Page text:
Taking on a Cognitive Science honors thesis can afford you the opportunity to learn how to put together a major research paper that contributes to existing knowledge in the field. Writing an honors thesis takes a lot of time and effort... but it can be an exciting challenge!
Good reasons for writing an honors thesis:
- Enjoy the pride that comes with creating something new and wholly your own
- Develop critical thinking, research, and writing skills employers and grad schools love
- Develop a meaningful intellectual relationship with a professor
Before deciding to embark on an honors thesis you may want to start thinking about the following:
- Do you have the time and energy to put into it? Consider your schedule and other goals for your junior and senior year…will you need to make sacrifices complete the project? Is that ok with you?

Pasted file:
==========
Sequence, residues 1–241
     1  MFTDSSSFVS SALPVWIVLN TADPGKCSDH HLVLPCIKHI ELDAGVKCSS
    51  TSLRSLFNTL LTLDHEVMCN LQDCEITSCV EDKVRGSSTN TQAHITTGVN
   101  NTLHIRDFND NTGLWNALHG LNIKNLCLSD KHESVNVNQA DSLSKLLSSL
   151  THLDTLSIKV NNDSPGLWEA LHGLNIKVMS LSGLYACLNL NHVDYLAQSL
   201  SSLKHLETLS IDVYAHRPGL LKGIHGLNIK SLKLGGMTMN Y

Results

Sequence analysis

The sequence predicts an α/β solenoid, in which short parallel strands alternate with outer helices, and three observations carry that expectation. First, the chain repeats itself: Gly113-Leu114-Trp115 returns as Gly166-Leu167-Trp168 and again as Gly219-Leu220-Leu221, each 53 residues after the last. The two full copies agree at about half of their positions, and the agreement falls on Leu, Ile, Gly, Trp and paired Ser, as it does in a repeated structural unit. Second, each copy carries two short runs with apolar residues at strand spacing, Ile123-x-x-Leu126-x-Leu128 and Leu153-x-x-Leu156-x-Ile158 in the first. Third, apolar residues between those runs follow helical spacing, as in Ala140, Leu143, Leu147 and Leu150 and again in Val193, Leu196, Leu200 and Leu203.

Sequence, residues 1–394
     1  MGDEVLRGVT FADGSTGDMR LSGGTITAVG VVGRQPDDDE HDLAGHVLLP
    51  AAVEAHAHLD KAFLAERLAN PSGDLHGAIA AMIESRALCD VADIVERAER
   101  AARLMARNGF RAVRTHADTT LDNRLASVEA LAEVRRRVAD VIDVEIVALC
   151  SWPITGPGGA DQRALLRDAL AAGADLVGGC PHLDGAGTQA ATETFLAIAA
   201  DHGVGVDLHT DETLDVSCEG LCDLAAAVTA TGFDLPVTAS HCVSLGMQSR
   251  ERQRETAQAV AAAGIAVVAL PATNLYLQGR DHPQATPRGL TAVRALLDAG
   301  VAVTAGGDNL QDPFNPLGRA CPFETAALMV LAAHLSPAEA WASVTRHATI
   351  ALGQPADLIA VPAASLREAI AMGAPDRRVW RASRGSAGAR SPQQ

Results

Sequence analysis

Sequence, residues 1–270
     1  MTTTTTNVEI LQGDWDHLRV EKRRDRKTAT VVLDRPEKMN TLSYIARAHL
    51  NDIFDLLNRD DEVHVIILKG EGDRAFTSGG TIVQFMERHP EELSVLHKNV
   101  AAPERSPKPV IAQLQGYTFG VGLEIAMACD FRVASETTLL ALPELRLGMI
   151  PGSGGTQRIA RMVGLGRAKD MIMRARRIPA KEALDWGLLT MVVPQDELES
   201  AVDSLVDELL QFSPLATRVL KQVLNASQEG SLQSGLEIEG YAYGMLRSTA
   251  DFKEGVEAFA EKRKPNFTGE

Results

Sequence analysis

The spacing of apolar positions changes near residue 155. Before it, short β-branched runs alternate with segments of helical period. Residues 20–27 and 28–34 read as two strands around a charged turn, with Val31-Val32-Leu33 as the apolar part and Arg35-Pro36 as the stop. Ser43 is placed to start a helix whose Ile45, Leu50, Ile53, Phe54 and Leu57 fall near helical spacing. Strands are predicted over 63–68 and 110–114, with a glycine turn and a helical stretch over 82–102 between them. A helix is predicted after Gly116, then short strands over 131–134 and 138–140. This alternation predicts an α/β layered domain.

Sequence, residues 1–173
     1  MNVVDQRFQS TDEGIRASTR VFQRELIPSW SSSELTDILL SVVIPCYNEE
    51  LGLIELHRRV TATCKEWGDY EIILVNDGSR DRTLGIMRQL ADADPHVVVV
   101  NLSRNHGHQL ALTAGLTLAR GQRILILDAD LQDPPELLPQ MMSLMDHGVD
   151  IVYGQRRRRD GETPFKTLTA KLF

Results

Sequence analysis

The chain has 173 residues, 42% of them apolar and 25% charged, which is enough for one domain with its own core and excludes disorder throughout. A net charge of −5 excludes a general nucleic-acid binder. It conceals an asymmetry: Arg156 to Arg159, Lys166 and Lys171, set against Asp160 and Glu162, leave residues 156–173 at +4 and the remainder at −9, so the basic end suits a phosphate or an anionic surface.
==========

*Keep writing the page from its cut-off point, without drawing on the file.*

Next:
- Do you have, or can you get a Cognitive Science Affiliated Faculty Member to allow you to work in their lab during your Junior year, and to commit to support your project (this person will act as your First Reader)? If you don’t already have a relationship with a Cognitive Science Affiliated Faculty Member, start going to their office hours to build a relationship before asking them to help you.
- Do you have an idea? A spot in a lab to help your ideas come to fruition? Start thinking about concrete research questions and bring those into discussions with your (potential) honors advisors.
Honors Program Requirements differ based on the term you first attended UC Berkeley after admission
Students who successfully complete an honors thesis are eligible to receive the Robert J. Glushko Prize for Distinguished Undergraduate Research in Cognitive Science.
At least two (2) of these prizes, of $500 each, are awarded annually at the Spring Commencement. Both empirical and conceptual projects are eligible for the award.